Tim Chapman, infrastructure director at engineer Arup, which is working on phase 1 and tendering for phase 2 work, says: “There has been no pause whatsoever. We’re in the middle of tendering and have had no hint of any slowdown. The lack of capacity in the UK rail network means this work is vital.” Likewise, the chief executive of the Civil Engineering Contractors’ Association (CECA), Alastair Reisner, says: “Until we see trains running we’ll always have lingering fears. But the government is saying all the right things and seems to have a real desire to get cracking.”

Who’s next to lead HS2?

Simon Kirby will leave at Christmas without an obvious succession strategy in place, leaving the organisation scrabbling to find a candidate to fill his shoes. One former insider says the body needs to have someone in place by early spring at the very latest in order to oversee the hybrid bill for phase 2, due to be filed in parliament next July. Industry watchers say the principle internal candidate is commercial director Beth West, a former investment banker with big project procurement experience at Transport for London. However, some feel she lacks enough overall leadership experience on major projects. The most obvious candidate from outside is Andrew Wolstenholme, chief executive at Crossrail, where the construction programme is now starting to wind down. A former Balfour Beatty bigwig, Wolstenholme may, however, not be looking for another massive full-time executive role. The boss of the Thames Tideway project, former Crossrail no.2 Andy Mitchell, is very highly regarded but it is thought unlikely to want to leave his role at this stage. Former BAA executive and Laing O’Rourke chief operating officer Tony Douglas has the experience too, but would also be hard to move from his current position running Defence Equipment and Support at the Ministry of Defence. Patricia Moore, managing director of infrastructure at T&T, says: “The problem is I don’t think there’s an obvious candidate who’s available.” KPMG’s Threlfall says: “I won’t be surprised if the search doesn’t end up having to go more global for the right person.”

Timeline – What’s next for HS2?

The £56bn megaproject has a big 12 months ahead of it …


Early works contracts worth £900m to be let


Phase 2 route decision expected, as well as response to critical Public Accounts Committee report


HS2 to choose between Bechtel, CH2M Hill and a Mace/T&T joint venture as development partner for phase 2 by the end of the year. Design consultants also to be chosen, with an Aecom/Capita joint venture, Arup, a Mott MacDonald/WSP joint venture and an Atkins/Arcadis joint venture in the running

January 2017

Royal Assent for phase 1 hybrid bill expected. HS2 says a chief executive will be appointed early in the new year

March/April 2017

Main civils contracts for phase 1 to be let, worth up to £9bn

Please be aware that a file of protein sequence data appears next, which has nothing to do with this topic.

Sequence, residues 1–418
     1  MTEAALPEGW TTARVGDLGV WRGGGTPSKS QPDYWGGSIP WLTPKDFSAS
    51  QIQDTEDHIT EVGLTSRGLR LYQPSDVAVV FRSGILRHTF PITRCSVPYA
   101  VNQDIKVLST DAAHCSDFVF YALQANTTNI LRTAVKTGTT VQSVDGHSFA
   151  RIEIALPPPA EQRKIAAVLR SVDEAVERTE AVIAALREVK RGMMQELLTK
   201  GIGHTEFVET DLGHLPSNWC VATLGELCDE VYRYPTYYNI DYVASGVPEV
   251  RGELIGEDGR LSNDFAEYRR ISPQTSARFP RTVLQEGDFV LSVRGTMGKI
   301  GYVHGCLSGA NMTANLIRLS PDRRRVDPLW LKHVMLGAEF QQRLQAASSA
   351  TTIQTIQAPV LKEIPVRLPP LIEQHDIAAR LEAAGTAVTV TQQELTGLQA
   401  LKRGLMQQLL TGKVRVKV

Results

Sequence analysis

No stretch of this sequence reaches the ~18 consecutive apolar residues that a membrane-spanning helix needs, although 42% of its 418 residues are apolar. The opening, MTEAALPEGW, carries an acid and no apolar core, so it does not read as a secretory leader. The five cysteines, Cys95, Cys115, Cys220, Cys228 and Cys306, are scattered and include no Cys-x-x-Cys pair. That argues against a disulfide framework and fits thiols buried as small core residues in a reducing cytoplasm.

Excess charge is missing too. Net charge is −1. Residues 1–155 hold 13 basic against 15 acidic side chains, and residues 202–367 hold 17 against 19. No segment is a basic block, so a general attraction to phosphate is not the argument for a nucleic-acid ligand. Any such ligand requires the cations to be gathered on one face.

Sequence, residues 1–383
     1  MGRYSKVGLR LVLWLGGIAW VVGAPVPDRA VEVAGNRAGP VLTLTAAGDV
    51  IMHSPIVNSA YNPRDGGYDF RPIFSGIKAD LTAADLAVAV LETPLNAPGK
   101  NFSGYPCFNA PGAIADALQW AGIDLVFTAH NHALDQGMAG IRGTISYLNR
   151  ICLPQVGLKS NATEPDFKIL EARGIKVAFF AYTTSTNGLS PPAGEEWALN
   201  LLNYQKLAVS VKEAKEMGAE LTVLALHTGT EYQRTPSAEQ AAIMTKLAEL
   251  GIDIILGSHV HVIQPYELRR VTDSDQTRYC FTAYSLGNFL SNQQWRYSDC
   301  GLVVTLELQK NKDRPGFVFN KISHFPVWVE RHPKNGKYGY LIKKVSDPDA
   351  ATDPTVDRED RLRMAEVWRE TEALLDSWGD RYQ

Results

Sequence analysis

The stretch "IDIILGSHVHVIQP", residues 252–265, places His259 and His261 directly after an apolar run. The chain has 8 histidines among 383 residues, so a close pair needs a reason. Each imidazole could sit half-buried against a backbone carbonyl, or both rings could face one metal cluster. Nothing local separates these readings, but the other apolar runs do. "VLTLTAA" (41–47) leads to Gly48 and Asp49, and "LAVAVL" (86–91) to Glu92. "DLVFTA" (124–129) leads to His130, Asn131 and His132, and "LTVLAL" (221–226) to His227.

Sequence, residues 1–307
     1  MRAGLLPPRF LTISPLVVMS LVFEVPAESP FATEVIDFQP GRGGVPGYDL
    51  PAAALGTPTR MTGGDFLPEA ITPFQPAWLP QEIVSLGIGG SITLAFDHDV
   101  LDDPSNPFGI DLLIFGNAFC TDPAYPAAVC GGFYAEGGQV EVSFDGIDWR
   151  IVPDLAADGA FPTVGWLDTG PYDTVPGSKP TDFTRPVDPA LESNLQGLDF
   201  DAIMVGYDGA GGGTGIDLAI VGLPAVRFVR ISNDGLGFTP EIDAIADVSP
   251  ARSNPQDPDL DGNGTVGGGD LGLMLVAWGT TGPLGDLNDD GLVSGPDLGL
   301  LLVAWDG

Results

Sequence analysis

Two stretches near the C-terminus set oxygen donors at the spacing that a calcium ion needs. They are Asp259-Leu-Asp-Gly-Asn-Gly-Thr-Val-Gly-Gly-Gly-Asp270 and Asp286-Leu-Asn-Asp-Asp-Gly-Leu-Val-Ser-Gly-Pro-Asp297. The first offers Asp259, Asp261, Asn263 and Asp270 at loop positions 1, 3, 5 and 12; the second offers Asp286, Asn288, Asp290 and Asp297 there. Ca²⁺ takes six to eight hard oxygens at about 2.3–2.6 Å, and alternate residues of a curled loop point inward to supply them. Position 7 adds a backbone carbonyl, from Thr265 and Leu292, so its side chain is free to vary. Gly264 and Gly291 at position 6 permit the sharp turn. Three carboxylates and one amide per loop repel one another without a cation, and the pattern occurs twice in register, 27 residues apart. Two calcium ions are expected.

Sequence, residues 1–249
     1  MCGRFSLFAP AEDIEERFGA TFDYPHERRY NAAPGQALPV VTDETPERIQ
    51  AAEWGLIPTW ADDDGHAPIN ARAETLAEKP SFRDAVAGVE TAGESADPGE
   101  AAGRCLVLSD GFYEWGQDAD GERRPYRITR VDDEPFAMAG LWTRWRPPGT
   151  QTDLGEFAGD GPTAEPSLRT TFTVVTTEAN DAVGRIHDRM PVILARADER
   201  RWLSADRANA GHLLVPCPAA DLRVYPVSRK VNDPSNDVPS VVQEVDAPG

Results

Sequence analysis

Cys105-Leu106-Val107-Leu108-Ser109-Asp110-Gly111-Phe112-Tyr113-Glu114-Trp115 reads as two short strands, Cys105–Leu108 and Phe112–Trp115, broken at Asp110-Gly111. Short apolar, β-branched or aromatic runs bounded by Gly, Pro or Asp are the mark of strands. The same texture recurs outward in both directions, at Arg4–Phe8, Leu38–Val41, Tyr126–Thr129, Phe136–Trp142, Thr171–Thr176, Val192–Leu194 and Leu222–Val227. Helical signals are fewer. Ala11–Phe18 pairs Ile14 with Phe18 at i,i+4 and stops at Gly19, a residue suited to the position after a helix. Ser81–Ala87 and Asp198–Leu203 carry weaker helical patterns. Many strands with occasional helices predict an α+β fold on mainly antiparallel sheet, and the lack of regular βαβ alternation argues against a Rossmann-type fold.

July 2017

Hybrid bill for phase 2 to be deposited in Houses of Parliament


Nevertheless, the body delivering the project, HS2 Ltd, remains under huge pressure. Following a National Audit Office report that revealed a significant chance of the project missing its 2026 completion date, it received a tongue-lashing from MPs, lambasting it for leaving parliament and the public “in the dark about crucial details – not least when the railway will open, how much it is expected to cost and precisely where it will go”. The report found there was only a 60% certainty the scheme could be delivered on time, and that HS2 Ltd was nearly a year behind where it wanted to be in building up its own capacity. In September, Treasury select committee chair Andrew Tyrie wrote to Grayling saying the “numbers do not support” the economic case for the project, and free market think tank the Adam Smith Institute called for it to be scrapped. Massive public opposition to the scheme in many of the areas it will pass through remains, and ongoing political rows rumble on about the development of the HS2 terminus at Euston and the location of the phase 2 station in South Yorkshire.

You can never rely on political backing. Complacency is a death knell

Former HS2 insider

Pressing on with the timetable under this pressure is a tall order without a chief executive, albeit Kirby is working out his notice until Christmas. HS2 Ltd says an appointment is expected early in the new year, but it is not clear yet when this person will actually arrive, meaning it is seen as likely that HS2 chair David Higgins, the former Olympic Delivery Authority boss, will have to step into the role for a time. Kirby’s departure is not, crucially, viewed by the industry as signalling anything sinister regarding the project as a whole – with speculation he was not enjoying the extent of political interference in the project. KPMG’s Threlfall says: “People tried to seize on his departure as evidence the project was in crisis, but this was always nonsense.”